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Congressman says Oak Orchard dredging money will be available in 2014

Posted 16 April 2013 at 12:00 am

Photo by Tom Rivers – The lighthouse at Oak Orchard Harbor stands near a port that hasn’t been dredged in nearly 10 years.

Press release

CARLTON – The Oak Orchard Harbor, a port on Lake Ontario that is critical to Orleans County’s $12 million annual fishing industry, will finally be dredged in 2014, U.S. Rep. Chris Collins announced.

The harbor hasn’t been dredged since 2004, and some boats were grounded last year in shallow parts of the channel. County officials have been pressing for several years for federal funds to be released to remove sediment from the harbor.

Collins said the Oak Orchard, Olcott and Wilson harbors will all be dredged next year. The Army Corps of Engineers has the money lined up for the harbor work.

“The dredging of these three local harbors is long overdue,” Collins said. “Local residents and government leaders have been pushing the federal government to prioritize the work in order to maintain and maximize the harbors’ economic and recreational importance.These waterways are not only used for summer boating and recreation, but play a critical role in supporting the regional economy through the charter fishing industry.”

According to the US Army Corps of Engineers:

Oak Orchard Harbor in the town of Carlton was last dredged in 2004 when 10,700 cubic yards of material was removed.This harbor should be dredged every three to five years.In order to maintain adequate channel depth, 18,000 cubic yards of dredging will be required.The total sediment backlog is estimated at approximately 35,000 cubic yards.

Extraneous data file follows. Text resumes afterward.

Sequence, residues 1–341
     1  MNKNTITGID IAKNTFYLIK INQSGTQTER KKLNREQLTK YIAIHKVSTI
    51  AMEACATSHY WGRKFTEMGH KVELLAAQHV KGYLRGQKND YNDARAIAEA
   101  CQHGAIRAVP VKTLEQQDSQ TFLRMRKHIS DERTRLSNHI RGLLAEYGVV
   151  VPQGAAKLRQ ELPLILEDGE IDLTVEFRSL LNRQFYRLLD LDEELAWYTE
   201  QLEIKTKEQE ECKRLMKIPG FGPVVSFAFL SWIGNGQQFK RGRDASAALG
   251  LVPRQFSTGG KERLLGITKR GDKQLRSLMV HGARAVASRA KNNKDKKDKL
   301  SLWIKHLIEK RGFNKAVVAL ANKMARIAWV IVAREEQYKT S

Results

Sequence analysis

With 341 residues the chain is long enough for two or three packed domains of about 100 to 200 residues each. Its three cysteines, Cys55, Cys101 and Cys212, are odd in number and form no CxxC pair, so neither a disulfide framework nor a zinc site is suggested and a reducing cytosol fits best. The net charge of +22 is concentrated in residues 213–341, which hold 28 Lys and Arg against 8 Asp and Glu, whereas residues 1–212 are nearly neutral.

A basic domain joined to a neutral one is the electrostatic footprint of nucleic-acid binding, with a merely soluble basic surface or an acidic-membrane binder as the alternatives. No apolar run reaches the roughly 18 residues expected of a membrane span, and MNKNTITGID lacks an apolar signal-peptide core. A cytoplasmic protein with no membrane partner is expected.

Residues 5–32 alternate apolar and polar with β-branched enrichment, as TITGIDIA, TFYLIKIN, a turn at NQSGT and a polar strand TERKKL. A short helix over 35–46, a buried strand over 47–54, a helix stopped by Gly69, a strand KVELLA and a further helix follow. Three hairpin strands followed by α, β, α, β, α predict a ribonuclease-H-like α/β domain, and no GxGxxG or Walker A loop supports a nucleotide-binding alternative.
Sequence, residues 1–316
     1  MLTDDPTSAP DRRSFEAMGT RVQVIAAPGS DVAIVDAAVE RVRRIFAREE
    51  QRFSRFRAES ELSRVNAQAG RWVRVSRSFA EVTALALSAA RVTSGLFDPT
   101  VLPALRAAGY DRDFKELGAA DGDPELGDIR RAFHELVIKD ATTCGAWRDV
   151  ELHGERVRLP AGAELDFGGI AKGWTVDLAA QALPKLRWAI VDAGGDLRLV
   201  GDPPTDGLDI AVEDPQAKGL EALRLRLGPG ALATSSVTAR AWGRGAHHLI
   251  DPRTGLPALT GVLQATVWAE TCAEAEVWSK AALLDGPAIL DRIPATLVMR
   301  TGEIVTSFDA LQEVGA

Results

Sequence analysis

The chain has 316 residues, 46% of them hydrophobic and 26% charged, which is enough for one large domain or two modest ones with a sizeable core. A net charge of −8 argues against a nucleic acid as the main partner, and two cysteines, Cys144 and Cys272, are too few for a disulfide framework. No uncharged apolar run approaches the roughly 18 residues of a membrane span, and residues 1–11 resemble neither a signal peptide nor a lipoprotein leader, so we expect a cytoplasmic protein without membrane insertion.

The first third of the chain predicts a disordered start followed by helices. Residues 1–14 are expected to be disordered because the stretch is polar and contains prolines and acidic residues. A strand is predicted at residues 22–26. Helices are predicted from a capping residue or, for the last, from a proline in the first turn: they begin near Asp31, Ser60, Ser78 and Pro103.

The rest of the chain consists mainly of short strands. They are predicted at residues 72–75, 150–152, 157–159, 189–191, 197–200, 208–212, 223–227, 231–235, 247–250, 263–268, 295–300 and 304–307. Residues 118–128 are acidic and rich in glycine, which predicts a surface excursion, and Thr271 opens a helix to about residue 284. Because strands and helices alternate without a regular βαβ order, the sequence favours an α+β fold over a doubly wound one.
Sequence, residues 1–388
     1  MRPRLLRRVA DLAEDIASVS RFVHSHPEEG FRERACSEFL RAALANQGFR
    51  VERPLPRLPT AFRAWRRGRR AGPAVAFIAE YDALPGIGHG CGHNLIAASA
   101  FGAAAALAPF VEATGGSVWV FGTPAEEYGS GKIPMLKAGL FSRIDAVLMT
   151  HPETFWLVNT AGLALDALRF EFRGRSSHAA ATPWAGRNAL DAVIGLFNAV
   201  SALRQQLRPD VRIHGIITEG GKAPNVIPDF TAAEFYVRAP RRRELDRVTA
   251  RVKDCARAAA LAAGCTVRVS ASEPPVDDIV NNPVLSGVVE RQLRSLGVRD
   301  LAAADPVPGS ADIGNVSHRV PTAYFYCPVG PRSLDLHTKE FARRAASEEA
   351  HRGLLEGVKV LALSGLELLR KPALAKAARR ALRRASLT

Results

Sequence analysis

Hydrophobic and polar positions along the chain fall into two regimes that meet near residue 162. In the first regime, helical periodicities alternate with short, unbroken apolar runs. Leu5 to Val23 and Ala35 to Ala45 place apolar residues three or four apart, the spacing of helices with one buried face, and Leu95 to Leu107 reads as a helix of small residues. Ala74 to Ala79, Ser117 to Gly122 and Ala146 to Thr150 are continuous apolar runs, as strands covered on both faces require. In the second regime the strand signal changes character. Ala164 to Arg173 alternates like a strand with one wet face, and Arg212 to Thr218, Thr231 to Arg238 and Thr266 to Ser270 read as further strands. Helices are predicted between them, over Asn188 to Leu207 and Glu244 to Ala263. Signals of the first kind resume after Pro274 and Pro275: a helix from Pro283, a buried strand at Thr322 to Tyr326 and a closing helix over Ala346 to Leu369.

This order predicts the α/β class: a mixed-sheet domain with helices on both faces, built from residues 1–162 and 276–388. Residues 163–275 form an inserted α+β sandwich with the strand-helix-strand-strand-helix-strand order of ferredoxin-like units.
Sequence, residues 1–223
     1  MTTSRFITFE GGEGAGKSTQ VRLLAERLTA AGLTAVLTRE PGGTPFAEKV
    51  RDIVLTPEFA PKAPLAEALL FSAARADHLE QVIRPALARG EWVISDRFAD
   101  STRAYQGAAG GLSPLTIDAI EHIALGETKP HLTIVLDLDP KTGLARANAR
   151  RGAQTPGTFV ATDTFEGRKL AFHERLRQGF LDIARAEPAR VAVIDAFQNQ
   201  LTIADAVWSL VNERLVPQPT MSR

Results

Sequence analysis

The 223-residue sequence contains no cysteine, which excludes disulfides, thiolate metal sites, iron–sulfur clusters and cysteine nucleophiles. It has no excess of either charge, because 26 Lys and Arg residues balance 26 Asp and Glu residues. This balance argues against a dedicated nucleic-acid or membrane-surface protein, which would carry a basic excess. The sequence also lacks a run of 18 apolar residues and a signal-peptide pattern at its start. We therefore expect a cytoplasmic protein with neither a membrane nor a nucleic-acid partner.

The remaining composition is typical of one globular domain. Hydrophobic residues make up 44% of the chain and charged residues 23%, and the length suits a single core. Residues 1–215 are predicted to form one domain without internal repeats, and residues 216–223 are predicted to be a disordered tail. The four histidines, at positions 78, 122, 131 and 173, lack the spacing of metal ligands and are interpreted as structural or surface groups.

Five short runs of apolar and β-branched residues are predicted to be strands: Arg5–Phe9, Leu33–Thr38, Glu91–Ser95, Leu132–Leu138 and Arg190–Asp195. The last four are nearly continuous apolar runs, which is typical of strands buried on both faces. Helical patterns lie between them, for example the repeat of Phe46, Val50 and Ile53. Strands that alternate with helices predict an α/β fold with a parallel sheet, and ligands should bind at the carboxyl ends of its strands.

Olcott Harbor in the village of Olcott was last dredged in 1997 when 9,900 cubic yards was removed.This harbor should be dredged every five to ten years.The current sediment backlog is estimated at approximately 55,000 cubic yards.

Wilson Harbor in the town of Wilson was last dredged in 2000 when 5,100 cubic yards was removed.This harbor should be dredged every three to five years.The current sediment backlog is estimated at approximately 55,000 cubic yards.

Collins is co-sponsoring the Realize America’s Maritime Promise Act or RAMP Act (H.R. 335) which would help ensure the funding is in place for routine maintenance dredging.He said the bipartisan legislation guarantees that the funds collected on imports at ports in the United States is used solely for its intended purposed of dredging and maintaining the nation’s waterways.

Collins also supports continued funding for the Great Lakes Restoration Initiative.The inter-agency program helps to protect and preserve the Great Lakes ecosystem.The Great Lakes are the source of drinking water for 30 million Americans, and hold 95 percent of our nation’s supply of fresh water. Collins’ congressional district is bordered by Lake Erie to the west and Lake Ontario to the north.